Derrick Brooks and Michael Strahan headlined the enshrinement of the Pro Football Hall of Fame's Class of 2014.
Also inducted on Saturday during the lavish outdoor ceremony were Andre Reed, Aeneas Williams, Walter Jones, Claude Humphrey and Ray Guy. Jones and Brooks were in their first year of eligibility while Guy and Humphrey were both finalists chosen by the Hall's Seniors Committee.
The newest members of the Hall of Fame were selected from a list of 17 finalists who had been determined earlier by the Pro Football Hall of Fame's Selection Committee.
Brooks was a linebacker for the Tampa Bay Buccaneers from 1995-2008. He made 11 Pro Bowls and never missed a game during his 14-season career.
"I stand here so humble to be here amongst all this greatness," Brooks said. "This is what it's all about."
The 40-year-old Brooks was named NFL Defensive Player of the Year in 2002 after helping the Buccaneers win the franchise's first Super Bowl.
"For the first time in my life I get to enjoy the successes of my individual career in a team game," Brooks said.
Strahan was a defensive end for the New York Giants from 1993-2007. He was not chosen for the Hall of Fame last season in his first year of eligibility.
"This has been the best weekend of my life," Strahan said. "This is right where I belong."
The 42-year-old Strahan was named the 2001 NFL Defensive Player of the Year after setting an NFL single-season record with 22 1/2 sacks. A five-time All- Pro selection and seven-time Pro Bowler, Strahan amassed 141 1/2 sacks in his 15-season career.
"Life is about lessons and my life is improbable. I'm an improbable Hall of Famer ... My brother's called me B.O.B. and B.O.B meant 'Booty On Back,'" Strahan joked about his husky physique as a child.
And yes, Strahan's bust had the infamous gap between his two front teeth.
Jones was an offensive tackle for the Seattle Seahawks from 1997-2009. A member of the NFL's All-Decade Team of the 2000s, he was named All-Pro six times and voted to nine Pro Bowls.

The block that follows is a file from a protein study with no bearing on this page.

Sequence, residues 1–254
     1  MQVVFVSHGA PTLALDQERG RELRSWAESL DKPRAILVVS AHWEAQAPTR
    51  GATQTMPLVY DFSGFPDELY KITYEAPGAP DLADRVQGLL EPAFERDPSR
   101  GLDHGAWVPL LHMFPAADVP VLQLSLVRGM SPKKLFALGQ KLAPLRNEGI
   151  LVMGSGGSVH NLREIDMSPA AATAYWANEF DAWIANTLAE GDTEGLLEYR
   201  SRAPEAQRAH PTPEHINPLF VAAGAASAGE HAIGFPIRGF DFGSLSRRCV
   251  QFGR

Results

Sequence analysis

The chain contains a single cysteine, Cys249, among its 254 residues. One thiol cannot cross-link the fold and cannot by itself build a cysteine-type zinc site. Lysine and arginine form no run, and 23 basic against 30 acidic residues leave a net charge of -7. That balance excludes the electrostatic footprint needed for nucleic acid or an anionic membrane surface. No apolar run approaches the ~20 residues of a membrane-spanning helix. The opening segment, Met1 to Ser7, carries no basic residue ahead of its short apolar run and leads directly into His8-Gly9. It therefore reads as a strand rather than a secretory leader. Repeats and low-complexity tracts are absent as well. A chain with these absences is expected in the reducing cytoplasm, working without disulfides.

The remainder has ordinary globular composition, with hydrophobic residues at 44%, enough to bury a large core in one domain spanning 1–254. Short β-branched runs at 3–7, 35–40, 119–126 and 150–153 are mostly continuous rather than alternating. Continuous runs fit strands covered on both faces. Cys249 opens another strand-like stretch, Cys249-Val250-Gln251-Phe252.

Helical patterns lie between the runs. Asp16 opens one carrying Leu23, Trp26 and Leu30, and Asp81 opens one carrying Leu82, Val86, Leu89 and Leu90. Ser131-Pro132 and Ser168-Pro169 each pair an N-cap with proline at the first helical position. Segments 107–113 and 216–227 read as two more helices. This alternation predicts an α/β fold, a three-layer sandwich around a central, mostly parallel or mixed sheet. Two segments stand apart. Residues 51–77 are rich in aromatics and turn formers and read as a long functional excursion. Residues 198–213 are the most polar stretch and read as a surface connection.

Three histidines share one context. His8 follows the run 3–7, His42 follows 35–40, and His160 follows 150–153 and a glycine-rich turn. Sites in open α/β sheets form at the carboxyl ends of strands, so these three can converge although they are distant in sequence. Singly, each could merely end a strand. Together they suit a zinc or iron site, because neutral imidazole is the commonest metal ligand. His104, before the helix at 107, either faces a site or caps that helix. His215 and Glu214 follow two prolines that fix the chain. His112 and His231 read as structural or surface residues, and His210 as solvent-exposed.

"It's an honor to join Steve Largent and Cortez Kennedy as the third player to represent the Seahawks (in the Hall of Fame) and the 12th man," Jones said.
Reed caught 951 passes for 13,198 yards and 87 touchdowns in his 16-season career with the Buffalo Bills (1985-1999) and Washington Redskins (2000). He was the Bills' leading receiver in each of their four Super Bowl seasons.
"Patience is a virtue, and believe me I've waited nine long years for this patience," Reed said. "It's a life defined by many things, but none more important than hard work."
Williams was a cornerback and safety with the Phoenix/Arizona Cardinals (1991-2000) and St. Louis Rams (2001-2004). A four-time All-Pro and eight-time Pro Bowl selection, he intercepted 55 passes for 807 yards and nine touchdowns during his 14-year career.
"Begin with the end in mind and die empty," Williams said throughout his speech, referencing how it's important to set goals in life.
Williams went from walking on as a junior at Southern University to becoming a Hall of Famer.
"The goal isn't to prove people wrong. It's to reach your potential," he said.
Humphrey was a defensive lineman with the Atlanta Falcons (1968-1978) and Philadelphia Eagles (1979-1981). He was named first-team All-Pro five times and earned six Pro Bowl nods during his career.
"Now they tell me I only had 10 minutes up here, but let me start off by telling you that I've waited 30 years to get to this podium. So don't rush me guys, I'm gonna be here for a minute," Humphrey said before giving the rest of his 30-minute speech.
Guy is the first pure punter to make the Hall of Fame. He played with the Oakland/Los Angeles Raiders from 1973-1986 and averaged at least 40 yards per punt in 13 of his 14 NFL seasons.
"It's been long, long overdue. But now the Pro Football Hall of Fame has a complete team." Guy said. "Punters keep the faith, you're an important part of every game."